That doesn’t mean that I take this lightly though, as the theme will blur the line between themes and plugins. I think you’ll all be very excited.
If there is a feature your favourite theme is missing, now is the time to speak up. If it doesn’t get integrated into the one I am working on, I am sure the Blogging Pro audience is listening and some of them are amazing WordPress theme developers as well.
While it might not be the tutorial that many of us want, NETTuts has published a great guide to making your first WordPress plugin from scratch. They talk about making something that can show products from OSCommerce, which while interesting, isn’t what my first choice would be.
In today’s tutorial we’ll be talking about creating a WordPress plugin that extracts and displays products from an external OSCommerce shop database. We will start by describing the file structure of a plugin and where it must be included in the WordPress structure, then we’ll be having a closer look at how to make our plugin visible for WordPress and integrating it with actions run by its frame.
They cover the important broad strokes though, and help people realize that it is mostly PHP knowledge that comes into play when making a WordPress plugin, so if you aren’t strong in PHP, or aren’t willing to learn, then you might want to stick to the ones that are already developed.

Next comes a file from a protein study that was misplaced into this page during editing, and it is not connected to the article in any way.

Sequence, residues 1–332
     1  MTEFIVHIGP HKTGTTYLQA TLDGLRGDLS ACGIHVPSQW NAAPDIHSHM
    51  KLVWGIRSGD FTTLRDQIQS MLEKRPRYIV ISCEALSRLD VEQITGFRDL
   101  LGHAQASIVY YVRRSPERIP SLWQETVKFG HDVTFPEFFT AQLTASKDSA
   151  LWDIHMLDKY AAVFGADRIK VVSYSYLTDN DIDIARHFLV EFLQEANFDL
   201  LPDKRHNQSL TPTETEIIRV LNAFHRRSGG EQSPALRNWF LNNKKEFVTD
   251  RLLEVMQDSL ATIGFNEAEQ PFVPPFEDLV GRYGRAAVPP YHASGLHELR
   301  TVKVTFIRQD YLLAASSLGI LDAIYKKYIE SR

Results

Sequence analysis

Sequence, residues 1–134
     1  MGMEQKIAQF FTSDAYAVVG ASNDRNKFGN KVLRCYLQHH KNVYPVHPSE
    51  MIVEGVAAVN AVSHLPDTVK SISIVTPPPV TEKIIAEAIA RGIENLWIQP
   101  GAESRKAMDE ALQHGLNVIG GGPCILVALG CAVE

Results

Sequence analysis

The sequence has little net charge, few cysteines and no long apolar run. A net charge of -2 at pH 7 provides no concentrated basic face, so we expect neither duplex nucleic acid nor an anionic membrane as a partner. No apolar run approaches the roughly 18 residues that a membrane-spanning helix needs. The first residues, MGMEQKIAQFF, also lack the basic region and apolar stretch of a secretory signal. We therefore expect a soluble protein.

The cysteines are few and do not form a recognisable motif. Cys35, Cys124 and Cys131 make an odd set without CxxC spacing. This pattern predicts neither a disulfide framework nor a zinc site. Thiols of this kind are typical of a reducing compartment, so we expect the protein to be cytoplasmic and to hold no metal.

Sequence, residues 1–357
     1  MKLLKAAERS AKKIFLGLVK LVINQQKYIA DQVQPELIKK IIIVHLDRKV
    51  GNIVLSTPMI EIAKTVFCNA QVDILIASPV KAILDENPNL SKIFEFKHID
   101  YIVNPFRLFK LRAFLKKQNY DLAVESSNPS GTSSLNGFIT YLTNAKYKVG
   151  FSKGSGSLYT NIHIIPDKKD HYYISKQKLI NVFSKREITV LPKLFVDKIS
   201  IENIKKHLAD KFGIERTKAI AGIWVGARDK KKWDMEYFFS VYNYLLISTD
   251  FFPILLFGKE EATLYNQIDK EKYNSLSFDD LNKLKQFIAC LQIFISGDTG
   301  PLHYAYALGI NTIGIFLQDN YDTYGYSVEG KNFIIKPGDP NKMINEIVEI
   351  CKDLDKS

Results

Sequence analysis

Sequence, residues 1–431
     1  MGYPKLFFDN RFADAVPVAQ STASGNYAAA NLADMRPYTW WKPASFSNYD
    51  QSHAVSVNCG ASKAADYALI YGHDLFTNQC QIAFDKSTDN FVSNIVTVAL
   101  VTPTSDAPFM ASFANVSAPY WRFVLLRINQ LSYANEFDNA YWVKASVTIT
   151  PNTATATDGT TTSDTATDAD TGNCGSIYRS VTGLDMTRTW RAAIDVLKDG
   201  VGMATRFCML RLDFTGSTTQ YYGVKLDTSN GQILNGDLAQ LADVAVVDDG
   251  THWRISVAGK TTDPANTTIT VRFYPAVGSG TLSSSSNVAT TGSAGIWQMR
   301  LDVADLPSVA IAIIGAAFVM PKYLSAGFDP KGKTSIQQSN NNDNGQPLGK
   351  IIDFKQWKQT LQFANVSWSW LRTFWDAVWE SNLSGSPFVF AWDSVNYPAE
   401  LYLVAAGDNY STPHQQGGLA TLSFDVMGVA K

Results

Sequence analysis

Some of the great parts for anyone interested in plugin development to note include information on how to make your own page in the WordPress administration panel, as well as dealing with hooks to display your work on the public facing theme.
I hope to see more of such tutorials from NETTuts in the future, as WordPress plugin development interests me, and I enjoy how the Envato network writers break down concepts.
Some of you were happy when I had left this site, others were not. I really appreciate all the support you have all shown me and I appreciate the good word that many of you put in for me. I hope you are as excited as I am to be back on this site. I will be providing as much WordPress coverage as I can, as well as detailed tutorials on the things I have learned since leaving, and how WordPress has changed since I started using it.
I hope you’ll all join me in thanking Splashpress Media for having me come back on here and take another stab at fulfilling your WordPress cravings. I also hope you’ll provide me with constant feedback, so I can be sure to satisfy your expectations on this site.
If I have missed something, you want to see more coverage of another thing, then please just let me know, and I will do my best. I love talking about blogging, WordPress, and the business of online publishing, and I hope that you’ll all be able to pick up on my passion and join me in being excited.